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How To Increase Stamina Without Running

Stamina is central to performing well in endurance sports. As runners, we usually build stamina for running by…well, by running, of course. But as with most things in life, it’s good to have some variation. Whether it’s for cross-training to increase fitness, or to alleviate the boredom of routine, there are are many good reasons to build stamina in ways other than running.

This article will teach you how you can increase your stamina without going for a run. We’ll discuss what stamina is and why it’s important. We’ll also review why you should build it without running, and how exactly you can do that…

What is Stamina?

Stamina means the ability, energy, and strength to sustain prolonged physical or mental effort. You can also think about it as endurance. It’s when you keep going even when you’re tired and want to stop.

If you want to boost the productivity of your heart, lungs, and muscles, you need to have physical stamina. If you want to be mentally ready to take on a race and make sure that you can push through the end, you need mental stamina.

To use running coach Matt Fitzgerald’s terminology, stamina is saying that you want it bad and you’re willing to work for it. But this takes time to develop, and you’ll likely need to do more than just running in order to be successful in building stamina.

Stamina is especially important for endurance sports like running because of the duration of workouts and races. You have to keep pushing hard through the end, whether that’s a 5k or a full marathon.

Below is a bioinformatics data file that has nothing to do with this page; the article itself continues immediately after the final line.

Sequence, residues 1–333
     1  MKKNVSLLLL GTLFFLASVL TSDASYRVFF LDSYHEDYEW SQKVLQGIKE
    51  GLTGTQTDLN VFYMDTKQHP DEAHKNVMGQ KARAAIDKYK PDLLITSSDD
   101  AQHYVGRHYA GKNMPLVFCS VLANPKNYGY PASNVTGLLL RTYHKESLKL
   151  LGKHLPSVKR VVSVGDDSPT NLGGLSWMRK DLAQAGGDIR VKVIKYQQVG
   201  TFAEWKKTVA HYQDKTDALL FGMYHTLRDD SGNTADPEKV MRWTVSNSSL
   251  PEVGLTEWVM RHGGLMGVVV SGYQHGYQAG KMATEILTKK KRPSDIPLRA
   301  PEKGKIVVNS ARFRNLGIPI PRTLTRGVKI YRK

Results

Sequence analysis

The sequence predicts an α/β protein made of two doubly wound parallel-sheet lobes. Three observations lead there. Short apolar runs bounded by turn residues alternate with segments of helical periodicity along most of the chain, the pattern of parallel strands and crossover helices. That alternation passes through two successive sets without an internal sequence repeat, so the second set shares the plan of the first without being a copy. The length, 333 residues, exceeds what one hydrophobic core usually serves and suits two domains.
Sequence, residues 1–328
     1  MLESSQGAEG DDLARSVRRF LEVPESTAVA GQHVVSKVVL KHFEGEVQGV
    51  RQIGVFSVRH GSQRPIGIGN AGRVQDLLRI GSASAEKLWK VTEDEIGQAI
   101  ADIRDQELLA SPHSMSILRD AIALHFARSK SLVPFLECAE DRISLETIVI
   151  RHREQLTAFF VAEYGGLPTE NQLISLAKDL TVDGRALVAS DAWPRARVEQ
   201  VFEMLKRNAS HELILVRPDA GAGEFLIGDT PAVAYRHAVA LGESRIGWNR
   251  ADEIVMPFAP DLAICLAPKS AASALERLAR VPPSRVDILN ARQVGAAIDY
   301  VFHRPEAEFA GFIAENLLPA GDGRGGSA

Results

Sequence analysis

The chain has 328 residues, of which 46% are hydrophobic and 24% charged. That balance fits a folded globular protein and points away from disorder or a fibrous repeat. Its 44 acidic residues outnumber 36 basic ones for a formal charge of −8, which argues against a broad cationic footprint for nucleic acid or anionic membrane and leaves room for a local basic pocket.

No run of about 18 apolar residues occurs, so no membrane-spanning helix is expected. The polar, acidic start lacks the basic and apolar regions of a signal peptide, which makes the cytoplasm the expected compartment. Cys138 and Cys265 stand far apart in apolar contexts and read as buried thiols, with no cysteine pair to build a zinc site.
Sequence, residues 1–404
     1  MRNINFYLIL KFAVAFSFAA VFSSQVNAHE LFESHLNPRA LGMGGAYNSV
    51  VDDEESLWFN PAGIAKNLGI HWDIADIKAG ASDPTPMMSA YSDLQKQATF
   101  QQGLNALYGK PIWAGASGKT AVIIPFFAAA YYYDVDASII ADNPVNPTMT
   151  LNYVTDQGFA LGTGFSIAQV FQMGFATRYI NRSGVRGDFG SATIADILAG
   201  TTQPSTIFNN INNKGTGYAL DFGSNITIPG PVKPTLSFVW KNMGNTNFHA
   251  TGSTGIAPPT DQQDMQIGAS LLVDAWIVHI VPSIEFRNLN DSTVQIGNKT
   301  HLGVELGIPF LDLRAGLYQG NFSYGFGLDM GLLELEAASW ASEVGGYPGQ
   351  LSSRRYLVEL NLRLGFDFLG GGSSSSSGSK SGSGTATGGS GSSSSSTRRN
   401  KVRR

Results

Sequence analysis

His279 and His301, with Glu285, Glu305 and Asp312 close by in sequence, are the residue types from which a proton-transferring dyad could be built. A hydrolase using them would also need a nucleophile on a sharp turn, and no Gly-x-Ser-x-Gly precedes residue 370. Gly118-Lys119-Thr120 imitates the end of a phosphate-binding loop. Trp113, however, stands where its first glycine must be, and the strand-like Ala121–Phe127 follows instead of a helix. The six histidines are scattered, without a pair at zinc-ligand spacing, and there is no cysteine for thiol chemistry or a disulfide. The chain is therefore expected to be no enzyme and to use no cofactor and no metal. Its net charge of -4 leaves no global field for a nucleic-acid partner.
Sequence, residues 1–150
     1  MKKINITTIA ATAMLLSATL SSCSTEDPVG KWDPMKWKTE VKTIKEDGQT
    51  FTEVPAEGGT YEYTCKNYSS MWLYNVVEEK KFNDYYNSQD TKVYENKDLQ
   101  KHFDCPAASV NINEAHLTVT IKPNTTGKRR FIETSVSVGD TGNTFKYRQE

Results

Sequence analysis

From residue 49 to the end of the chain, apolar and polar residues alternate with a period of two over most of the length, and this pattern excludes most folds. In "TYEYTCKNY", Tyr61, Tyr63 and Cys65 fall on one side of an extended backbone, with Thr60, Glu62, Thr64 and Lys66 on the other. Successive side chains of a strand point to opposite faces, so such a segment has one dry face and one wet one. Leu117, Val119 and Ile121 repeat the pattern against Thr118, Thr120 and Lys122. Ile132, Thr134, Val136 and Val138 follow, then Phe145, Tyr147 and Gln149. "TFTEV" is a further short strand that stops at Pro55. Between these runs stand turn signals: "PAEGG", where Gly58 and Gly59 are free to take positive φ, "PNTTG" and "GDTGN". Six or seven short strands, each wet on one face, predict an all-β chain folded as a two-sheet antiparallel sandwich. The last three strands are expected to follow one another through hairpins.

Why Build Stamina Without Running?

If stamina is so great and you can build it running, especially the longer the distance, why bother doing anything else except running?

Well, first, it’s another way to add cross-training to your workout routine. You can develop stamina in many ways.

Second, increased stamina will make you a stronger runner in the long run. Always keeping your body guessing is the key to seeing progress and improvement. Using a variety of different workouts to increase stamina will translate to your running.

3 Ways to Increase Stamina Without Running

Stamina just means pushing yourself so that you’re tired at the end and know that you did the most that you could at that time. As you keep pushing harder and harder, you will improve your endurance and stamina.

1. Add a HIIT Program to Your Workout Routine

If you want to improve your endurance, one of the best ways to do it is through High Intensity Interval Training (HIIT) workouts. You won’t have to sustain exercises for long, but the intervals are going to be intense.

If you want to become fitter quickly, you have to do HIIT. You’ll do short bits of cardio exercise that can last anywhere from 10 seconds to five minutes, and you’ll have short rest breaks in between.

If you’re going full throttle, you likely won’t have to sustain that for anymore than 30 seconds, but if you’re at 90% or so of your max heart rate, you’ll sustain it for longer, like 3-5 minutes. For your rest periods, they will be the same time or shorter than your exercises.